However, Plan 2 student loans get written off after 30 years if they haven’t already been paid. And with today’s students graduating with around £45,000 in student loan debt, it’s unlikely they’ll ever be paid off through regular payments, unless they earn a very large salary.

For the majority of graduates (those starting on salaries less than £40,000) it’s unlikely to be worth paying off their student loan early, and instead making the minimum payments until it’s eventually written off.

What if the repayment threshold changes?

In September 2021, the government was reportedly considering lowering the earnings threshold at which graduates start to repay their Plan 2 student loans from £27,295 to around £23,000. This could reduce graduates’ take-home pay by up to £800 a year and limit the amount they could put towards further loan repayments or their pension. However, regardless of this change, we think the considerations outlined in this article still apply to anyone considering whether it’s better to pay off their student loan early or top up their pension.

Investing in your pension

As we’ve seen, investing your money can sometimes be more effective than paying off some lower-interest debts. But in these examples we’ve focused on short periods of time. So what happens to investments over a period of 40 years or more?

Pensions are long-term investments. You can start one when you get your first job after university, and it can start paying you an income as soon as you choose to retire after the age of 55.

Unlike other investments, pensions have two particularly good features:

  • Your employer will contribute towards your pension (at least 5% of your salary)
  • The government will top up your personal contributions by 25%

So for every £1 you pay in, the government will add 25p. And that’s in addition to whatever your employee pays in.

So comparing paying off your student loan to investing in your pension is slightly different from other kinds of investments.

Let’s look at an example:

  • You’re 21 and decide to put a spare £500 into your pension
  • The government tops up your contribution by £125 (25%)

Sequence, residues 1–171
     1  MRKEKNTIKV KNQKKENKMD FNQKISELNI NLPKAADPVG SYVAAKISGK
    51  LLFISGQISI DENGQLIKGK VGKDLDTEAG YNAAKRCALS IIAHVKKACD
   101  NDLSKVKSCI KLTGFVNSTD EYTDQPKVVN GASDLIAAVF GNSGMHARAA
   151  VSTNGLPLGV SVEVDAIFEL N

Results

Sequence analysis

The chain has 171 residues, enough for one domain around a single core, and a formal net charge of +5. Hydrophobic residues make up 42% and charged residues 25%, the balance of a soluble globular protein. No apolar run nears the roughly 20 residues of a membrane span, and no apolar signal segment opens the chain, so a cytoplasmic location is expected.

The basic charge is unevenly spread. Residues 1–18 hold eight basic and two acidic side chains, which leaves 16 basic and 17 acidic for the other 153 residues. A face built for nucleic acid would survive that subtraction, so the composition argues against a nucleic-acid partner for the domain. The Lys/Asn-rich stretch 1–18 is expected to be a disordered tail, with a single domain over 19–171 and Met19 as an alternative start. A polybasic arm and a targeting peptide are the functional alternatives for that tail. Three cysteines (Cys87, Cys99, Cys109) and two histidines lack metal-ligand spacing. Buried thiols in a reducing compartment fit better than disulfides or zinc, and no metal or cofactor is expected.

• So a total of £625 goes into your pension
  • Your pension grows at an average rate of 5% until you retire at 67
  • Your initial £500 investment is now worth £4,963

Had you used that money to pay off part of your Plan 1 student loan, you’d have saved yourself £5.50 (1.1% interest). And you’d have lost out on a potential £4,463!

Of course, there’s no guarantee that the money you put into your pension would grow by this amount. But then it could grow even more. This is the risk you take when you make investments that can go up or down.

You’ll also need to consider that the earliest you can access your pension is from the age of 55. So you’ll need to be sure you won’t need to access that money sooner.

Is it better to pay off your student loan or top up your pension?

Graduates with a Plan 1 student loan are more likely to see a better return on their money if they invest in a pension. Graduates with a Plan 2 student loan will need to consider whether they intend on paying off their loan in full or pay the minimum until it’s written off after 30 years - if they do (this usually applies to higher earners) it could be more effective to pay off the student loan first, since the interest rate would be hard to beat with any low-risk investments.

All this said, it’s also worth noting that the emotional impact of living without debt can be liberating. However, before deciding to pay off your student loan for the sake of your mental health, it’s worth speaking with an independent financial adviser to help confirm whether doing so is really in your best interests.

Risk warning: As always with investments, your capital is at risk. The value of your investment can go down as well as up, and you may get back less than you invest. This information should not be regarded as financial advice.